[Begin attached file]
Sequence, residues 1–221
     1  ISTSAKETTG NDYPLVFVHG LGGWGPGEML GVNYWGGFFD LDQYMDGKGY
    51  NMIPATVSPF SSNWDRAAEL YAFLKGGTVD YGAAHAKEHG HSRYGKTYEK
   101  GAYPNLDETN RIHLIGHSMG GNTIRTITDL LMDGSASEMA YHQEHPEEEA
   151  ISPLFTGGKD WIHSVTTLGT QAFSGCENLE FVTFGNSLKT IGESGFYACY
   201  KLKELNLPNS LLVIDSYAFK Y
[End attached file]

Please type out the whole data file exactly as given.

Sequence, residues 1–221
     1  ISTSAKETTG NDYPLVFVHG LGGWGPGEML GVNYWGGFFD LDQYMDGKGY
    51  NMIPATVSPF SSNWDRAAEL YAFLKGGTVD YGAAHAKEHG HSRYGKTYEK
   101  GAYPNLDETN RIHLIGHSMG GNTIRTITDL LMDGSASEMA YHQEHPEEEA
   151  ISPLFTGGKD WIHSVTTLGT QAFSGCENLE FVTFGNSLKT IGESGFYACY
   201  KLKELNLPNS LLVIDSYAFK Y